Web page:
Law 12 students achieve an SMS first at annual competition

On Saturday, April 22nd, the Law 12 class anxiously awaited the reveal of which side they would first represent – society or a taxi driver? This year’s Provincial Mock Trial Competition, held at the Victoria Courthouse, was a case of dangerous operation of a motor vehicle and assault with a weapon (in this case the taxi). Thirteen teams from the island and lower mainland came to show their best legal skills in hopes of being crowned the top legal team. The team had been preparing for this competition since the end of February, when they received the case materials and had to build convincing cases to represent both sides.

The team represented the Crown in round one and Defence in round two. In both rounds they delivered their opening and closing statements eloquently, held witnesses accountable for what they did or did not see, presented evidence diligently, and took informed risks by objecting the opposing counsel during direct and cross examination. Our witnesses were instrumental in helping to prove guilt beyond a reasonable doubt for the Crown and raise possibility of doubt for the Defence. The girls worked incredibly hard under a tight time frame and, after two rounds, were elated when it was announced that they had made it to the semi-finals, along with three other teams – a first for an SMS team in this competition!

Congratulations to Alice Brown, Marina Bienenstock, Selina Liu, Vicky Qian, and Lucia Ren for demonstrating excellent critical thinking skills on the spot as our Crown and Defence team, as well as Yvette Lam, Lily Woodard, and Kinlis Ye for their excellent performances as witnesses. Kaitlyn Mingo and Peggy Sun joined us after their choir performance, and were able to step in to help the judge as Court Clerks in our semi-final round. Special mention goes to Lucia Ren, who was selected by the judges as the recipient of the top award for our team. As team coach, I had the pleasure of sitting on the edge of my seat during the nail-biting rounds. I truly wish that everyone had the chance to see these fantastic young women in action on Saturday as it was such an exceptional representation of everything we aim to instill in our girls here at SMS. My final verdict is that these young women are guilty beyond a reasonable doubt of working as a team with absolute integrity, supporting one another wholeheartedly, having the courage to risk failure, and being upstanding ambassadors for St. Margaret’s School.

We look forward to continuing our quest for the coveted gavel next year. Thank you so much to everyone who was involved, either directly or indirectly, in making this an incredible experiential opportunity for our girls.

Here are some quotes from the participants:

“The BC Mock Trial Competition 2017 was absolutely fun and worth going to.  I worked hard with the whole team not only on Saturday but also during the process.  It is obvious to see that everyone improved a lot from the last mock trial. I believe that I was talking with more confidence and was clearer with my logic this time.  Also, I thought and reacted faster than last time.”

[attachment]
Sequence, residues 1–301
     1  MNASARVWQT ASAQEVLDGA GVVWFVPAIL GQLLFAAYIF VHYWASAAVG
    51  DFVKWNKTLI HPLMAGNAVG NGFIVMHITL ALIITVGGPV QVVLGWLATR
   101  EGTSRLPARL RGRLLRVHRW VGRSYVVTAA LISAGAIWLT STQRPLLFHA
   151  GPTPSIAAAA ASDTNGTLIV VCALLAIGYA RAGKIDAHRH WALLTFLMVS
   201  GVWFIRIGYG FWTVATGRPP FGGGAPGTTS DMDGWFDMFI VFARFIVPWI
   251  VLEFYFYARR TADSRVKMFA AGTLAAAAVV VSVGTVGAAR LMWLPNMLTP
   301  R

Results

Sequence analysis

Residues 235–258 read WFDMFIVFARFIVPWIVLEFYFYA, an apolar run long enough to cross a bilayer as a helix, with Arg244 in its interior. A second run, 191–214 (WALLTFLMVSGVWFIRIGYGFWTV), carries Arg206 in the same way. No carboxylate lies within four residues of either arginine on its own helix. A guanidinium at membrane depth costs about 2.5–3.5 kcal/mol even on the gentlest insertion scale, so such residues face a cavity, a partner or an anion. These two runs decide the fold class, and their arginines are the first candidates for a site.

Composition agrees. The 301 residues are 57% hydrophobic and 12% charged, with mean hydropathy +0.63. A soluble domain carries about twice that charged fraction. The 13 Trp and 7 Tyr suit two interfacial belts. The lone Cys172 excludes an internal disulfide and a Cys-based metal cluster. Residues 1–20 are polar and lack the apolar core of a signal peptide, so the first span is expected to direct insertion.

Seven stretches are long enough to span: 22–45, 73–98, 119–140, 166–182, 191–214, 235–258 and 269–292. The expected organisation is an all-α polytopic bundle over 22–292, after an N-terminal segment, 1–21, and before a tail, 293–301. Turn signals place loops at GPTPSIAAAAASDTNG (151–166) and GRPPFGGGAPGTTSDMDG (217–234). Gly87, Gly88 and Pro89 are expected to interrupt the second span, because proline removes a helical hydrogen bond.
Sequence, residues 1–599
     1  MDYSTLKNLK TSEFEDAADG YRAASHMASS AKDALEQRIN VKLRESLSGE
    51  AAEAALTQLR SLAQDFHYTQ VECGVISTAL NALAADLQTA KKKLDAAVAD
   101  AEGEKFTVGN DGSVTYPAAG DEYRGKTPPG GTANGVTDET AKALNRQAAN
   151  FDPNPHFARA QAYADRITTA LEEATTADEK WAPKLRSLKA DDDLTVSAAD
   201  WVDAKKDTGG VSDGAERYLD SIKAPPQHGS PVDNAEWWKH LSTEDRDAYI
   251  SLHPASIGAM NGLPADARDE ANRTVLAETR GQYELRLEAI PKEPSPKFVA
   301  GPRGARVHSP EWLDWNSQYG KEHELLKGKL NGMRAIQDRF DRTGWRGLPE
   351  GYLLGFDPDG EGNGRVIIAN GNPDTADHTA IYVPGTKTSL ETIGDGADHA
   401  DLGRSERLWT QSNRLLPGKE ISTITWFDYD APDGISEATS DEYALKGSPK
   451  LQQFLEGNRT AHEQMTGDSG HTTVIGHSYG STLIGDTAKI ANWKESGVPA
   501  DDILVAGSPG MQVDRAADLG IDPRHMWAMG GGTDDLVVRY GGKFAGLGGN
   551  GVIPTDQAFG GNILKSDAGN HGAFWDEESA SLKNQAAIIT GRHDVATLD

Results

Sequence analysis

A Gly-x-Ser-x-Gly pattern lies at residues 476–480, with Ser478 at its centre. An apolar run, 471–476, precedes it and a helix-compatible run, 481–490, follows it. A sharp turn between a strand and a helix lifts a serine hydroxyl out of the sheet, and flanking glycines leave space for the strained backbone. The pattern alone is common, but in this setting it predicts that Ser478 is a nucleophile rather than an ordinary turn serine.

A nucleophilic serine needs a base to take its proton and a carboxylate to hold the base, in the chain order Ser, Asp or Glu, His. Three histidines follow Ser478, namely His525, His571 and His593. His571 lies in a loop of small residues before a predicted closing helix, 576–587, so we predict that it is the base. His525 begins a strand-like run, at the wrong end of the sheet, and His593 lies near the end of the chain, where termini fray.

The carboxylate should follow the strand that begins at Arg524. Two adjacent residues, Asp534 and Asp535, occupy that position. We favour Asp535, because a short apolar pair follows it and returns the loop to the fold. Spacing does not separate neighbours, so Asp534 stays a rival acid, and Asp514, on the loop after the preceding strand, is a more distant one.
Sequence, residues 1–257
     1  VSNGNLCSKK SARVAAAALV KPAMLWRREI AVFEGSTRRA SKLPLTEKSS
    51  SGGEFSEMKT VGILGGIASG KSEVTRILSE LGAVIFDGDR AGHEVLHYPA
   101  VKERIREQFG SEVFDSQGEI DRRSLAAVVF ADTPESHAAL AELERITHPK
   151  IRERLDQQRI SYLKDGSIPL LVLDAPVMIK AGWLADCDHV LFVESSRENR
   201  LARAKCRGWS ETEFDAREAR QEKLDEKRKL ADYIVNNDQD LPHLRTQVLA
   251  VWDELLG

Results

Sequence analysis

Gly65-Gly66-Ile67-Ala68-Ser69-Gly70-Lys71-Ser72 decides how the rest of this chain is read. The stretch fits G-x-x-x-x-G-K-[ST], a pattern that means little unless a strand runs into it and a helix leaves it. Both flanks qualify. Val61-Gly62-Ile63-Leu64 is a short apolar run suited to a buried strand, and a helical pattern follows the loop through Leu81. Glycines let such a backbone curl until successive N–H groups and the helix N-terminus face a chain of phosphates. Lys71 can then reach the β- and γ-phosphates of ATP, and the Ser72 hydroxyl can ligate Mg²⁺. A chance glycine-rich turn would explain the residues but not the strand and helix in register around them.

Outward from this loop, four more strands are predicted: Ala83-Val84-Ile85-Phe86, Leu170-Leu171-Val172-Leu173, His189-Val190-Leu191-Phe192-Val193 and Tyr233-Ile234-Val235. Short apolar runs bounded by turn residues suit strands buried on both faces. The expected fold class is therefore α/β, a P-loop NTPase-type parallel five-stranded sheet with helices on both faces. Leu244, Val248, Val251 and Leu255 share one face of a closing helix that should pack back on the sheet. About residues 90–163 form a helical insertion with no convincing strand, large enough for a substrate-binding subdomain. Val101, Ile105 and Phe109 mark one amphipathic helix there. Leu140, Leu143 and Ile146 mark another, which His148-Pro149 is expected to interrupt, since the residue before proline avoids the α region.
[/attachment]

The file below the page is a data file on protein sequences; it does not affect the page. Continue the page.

– Vicky Qian

“The judges we met the next day were great and professional. I especially liked the judge in the final round. She graduated from UBC Law School and had a solid reputation. When I was sitting there and listening to her final speech, I thought, ‘that’s the kind of woman I want to be in the future.’”
– Selina Liu

“I learned that as a lawyer, you have to adapt in various type of situations, really pay attention on the points from your opponents, and create last minute questions to either prove beyond the reasonable doubt or question beyond the reasonable doubt. From the judge, I realized being a judge you have to consider in lots of details. Especially from the judge’s comments, we can clearly see that the judge must consider different factors and perspectives to make the final judgement.”
– Peggy Sun

“I think my favorite moment was when at the end of our first trial, the judge told us that we had successfully proven the driver guilty for one of the charges. Although the driver was not guilty of both of the charges, it was a really good moment; it meant we had succeeded as lawyers in what we were trying to do, especially since the Crown case was particularly difficult, in comparison to the defense case.”
– Marina Bienenstock

“I really loved doing the closing statement the first time. I felt like I could easily glean information the closing statement of the defense as well as the rest of the trial to make a strong closing statement. I also really enjoy doing the cross examination of Kelly Steems, the witness was clearly prepared but it was fun to really try and get the answer I wanted out of her.”
– Alice Brown

“My favourite moment during the mock trial was watching both sides ask their cross-examination questions. It was really interesting to see how each person would have to think on their feet if they needed to reword a question if they weren’t getting the answer that they wanted.”
– Kaitlyn Mingo

“What I gained from Law Day was a sense of pride and camaraderie for and with our team. My favourite moment was the first round, before anyone said anything. The tension and desire to make our case its best helped to prompt an almost flawless performance.”
– Lily Woodard

“My favourite moment was when it was announced that our team was going to semifinals. It made me feel more confident in my abilities as a ‘lawyer,’ and also that pure excitement and nervousness of getting to compete in round three. I cannot even describe the feeling of being recognized for our achievements and knowing how lucky I am to be in such a great group.This competition has definitely brought everyone in the class closer. Everyone did their best for their parts and no one blamed anyone. It felt really nice to have a team that supported each other.”
– Lucia Ren

Submitted by Lisa Ziebart